Fawzia al-Kurd has been living in the tent since she was evicted on Sunday
By Heather Sharp
BBC News, Jerusalem
Fawzia al-Kurd, 57, raises her black cloak to show the bottoms of the pyjamas she is still wearing several days after she and her wheelchair-bound husband were forced from the home he had lived in for five decades.
She had no time to change or gather her possessions when the Israeli police arrived in the early hours of Sunday morning.
In borrowed shoes, she shows us around the tent that she now calls home near the single-storey, two room house in East Jerusalem.
Jewish Israelis who had already moved into the extension the Kurd family had built for their son, have now taken over the rest of the flat.
Mohammad al-Kurd, 55, who is partially paralysed and suffers from heart and kidney problems, diabetes and high blood pressure, is now staying with relatives.
He had lived in the house for 52 years when the Israeli Supreme Court served an eviction order on him in July.
"I will never forgive the Israelis for what they have done to me and my sick husband, kicking us out of our own house in the early hours of the morning. I may forgive other things they have done, but not this," said Mrs Kurd.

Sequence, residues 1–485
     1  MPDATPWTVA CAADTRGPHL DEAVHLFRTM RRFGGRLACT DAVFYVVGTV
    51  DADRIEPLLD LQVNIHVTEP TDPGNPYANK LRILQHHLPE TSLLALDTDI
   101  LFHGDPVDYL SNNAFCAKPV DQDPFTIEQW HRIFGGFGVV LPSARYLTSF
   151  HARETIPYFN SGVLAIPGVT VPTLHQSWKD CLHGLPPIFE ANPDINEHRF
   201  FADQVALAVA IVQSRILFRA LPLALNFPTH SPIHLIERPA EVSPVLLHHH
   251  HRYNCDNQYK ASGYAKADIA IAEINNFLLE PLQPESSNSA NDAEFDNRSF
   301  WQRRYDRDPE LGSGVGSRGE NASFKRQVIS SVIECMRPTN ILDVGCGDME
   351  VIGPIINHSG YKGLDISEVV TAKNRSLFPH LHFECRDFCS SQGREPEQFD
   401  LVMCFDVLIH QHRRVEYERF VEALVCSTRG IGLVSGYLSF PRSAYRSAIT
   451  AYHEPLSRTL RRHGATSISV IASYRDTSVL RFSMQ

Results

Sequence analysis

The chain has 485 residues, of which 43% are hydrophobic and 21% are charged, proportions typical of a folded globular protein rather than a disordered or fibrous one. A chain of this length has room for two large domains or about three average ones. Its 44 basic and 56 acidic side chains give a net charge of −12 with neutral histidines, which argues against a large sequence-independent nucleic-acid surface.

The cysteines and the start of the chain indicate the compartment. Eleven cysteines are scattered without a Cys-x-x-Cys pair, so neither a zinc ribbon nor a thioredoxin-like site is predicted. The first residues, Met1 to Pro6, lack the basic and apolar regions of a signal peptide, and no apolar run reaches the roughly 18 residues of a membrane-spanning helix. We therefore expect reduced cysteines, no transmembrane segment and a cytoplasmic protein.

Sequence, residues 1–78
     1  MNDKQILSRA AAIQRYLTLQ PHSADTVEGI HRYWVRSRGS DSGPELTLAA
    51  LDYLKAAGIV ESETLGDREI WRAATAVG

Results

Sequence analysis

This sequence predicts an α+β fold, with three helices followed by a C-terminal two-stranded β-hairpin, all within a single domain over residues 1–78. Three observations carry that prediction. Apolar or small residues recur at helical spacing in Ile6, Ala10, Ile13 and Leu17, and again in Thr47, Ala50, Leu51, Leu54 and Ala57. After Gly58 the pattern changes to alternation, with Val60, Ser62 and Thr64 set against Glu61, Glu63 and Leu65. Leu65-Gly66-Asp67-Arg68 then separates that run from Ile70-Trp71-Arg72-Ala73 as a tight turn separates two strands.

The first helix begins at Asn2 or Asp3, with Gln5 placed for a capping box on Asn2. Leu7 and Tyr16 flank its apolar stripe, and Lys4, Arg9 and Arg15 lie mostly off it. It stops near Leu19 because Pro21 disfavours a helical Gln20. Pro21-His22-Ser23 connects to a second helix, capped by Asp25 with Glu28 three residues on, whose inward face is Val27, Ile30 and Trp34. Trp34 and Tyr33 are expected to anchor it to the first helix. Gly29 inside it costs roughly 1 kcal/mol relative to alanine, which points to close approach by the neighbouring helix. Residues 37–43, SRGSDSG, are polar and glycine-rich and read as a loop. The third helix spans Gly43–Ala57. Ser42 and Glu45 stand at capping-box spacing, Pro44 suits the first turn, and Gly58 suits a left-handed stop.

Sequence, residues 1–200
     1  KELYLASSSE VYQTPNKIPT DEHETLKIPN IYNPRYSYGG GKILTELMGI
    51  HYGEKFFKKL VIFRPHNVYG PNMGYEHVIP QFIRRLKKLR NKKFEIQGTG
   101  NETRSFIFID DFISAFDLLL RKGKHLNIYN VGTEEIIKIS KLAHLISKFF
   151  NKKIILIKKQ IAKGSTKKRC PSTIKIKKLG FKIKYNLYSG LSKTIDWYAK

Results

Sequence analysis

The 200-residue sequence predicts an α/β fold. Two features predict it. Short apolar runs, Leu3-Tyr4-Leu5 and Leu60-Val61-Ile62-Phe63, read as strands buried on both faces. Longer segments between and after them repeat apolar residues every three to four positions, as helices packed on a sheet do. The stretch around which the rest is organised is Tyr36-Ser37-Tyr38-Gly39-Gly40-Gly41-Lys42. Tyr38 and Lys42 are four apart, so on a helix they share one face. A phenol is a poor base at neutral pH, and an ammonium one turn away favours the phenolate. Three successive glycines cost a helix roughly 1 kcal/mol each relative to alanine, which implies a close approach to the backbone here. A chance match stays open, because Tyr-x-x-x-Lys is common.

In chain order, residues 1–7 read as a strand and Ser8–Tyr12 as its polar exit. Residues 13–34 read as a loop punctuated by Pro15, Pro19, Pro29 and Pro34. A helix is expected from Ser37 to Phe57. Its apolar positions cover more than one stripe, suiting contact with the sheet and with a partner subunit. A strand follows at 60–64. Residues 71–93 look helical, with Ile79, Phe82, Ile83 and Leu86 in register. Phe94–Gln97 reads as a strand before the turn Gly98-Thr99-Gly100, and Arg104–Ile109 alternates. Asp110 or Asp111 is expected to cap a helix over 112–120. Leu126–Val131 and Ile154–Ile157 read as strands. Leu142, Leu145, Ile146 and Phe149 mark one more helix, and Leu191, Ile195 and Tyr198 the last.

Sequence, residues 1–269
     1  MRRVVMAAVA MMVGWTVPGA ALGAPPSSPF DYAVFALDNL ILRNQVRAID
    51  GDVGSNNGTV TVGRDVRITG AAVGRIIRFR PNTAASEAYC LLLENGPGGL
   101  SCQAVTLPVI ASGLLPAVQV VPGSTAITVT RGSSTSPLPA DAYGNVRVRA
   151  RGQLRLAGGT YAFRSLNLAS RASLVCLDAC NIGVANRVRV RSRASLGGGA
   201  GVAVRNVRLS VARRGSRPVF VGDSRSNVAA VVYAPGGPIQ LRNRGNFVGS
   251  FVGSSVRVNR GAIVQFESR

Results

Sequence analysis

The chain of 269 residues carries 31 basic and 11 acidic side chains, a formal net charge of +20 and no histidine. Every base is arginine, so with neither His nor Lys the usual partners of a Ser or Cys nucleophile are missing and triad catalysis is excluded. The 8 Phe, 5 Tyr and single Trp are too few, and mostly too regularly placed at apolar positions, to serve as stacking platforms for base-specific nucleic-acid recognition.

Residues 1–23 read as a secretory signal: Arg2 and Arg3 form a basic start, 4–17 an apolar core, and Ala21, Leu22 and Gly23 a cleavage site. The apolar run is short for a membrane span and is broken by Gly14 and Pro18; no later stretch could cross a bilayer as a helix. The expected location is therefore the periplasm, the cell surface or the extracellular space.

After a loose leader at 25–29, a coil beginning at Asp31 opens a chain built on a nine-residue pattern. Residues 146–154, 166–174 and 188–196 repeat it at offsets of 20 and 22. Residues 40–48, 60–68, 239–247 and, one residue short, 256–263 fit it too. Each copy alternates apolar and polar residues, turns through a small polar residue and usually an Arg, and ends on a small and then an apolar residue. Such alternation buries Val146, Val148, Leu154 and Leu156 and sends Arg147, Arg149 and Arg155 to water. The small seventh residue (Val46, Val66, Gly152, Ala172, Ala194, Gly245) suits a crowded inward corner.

The Jewish-occupied houses are adorned with Israeli flags
The eviction is the culmination of a decades-long legal dispute between the Kurd family and organisations seeking to boost Jewish residency in the Israeli-occupied east of the city.
The case, followed closely by international activists, goes to the heart of one of the most hotly-contested issues in Israeli-Palestinian peace talks - the status of Jerusalem.
Palestinians fear an Israeli drive to create "facts on the ground" in the part of the city where Palestinians are the majority and want to locate the capital of a future state.
Israel considers all of Jerusalem its capital and has annexed to the east of the city and extended its municipal boundaries into the West Bank.
But the international community sees it as occupied, along with the West Bank, since the 1967 Israeli-Arab war.
The few houses draped in blue and white Israeli flags with their own armed guards, amid a cluster of cream stone Arab-style properties, are therefore considered illegal settlements under international law.
Their inhabitants will not speak to the media.
'Not forced out'
But Daniel Luria of Ateret Cohanim, an organisation which promotes Jewish settlement in East Jerusalem says "nobody's forcing anyone out - the courts ruled they [the Kurds] were living there illegally".
The Kurds' lived metres from the Jewish settlers who moved into the extension (Image: ISM)
The Kurd family were among some 700,000 Arabs who fled or were forced from their homes in what is now Israel during the 1948 war that followed the creation of Israel.
Jordan, which controlled the West Bank and East Jerusalem after the war, and the UN housed them and several other families on the plot of land.
But after 1967, a Jewish association laid claim to it in the courts on the basis of Ottoman-era documents.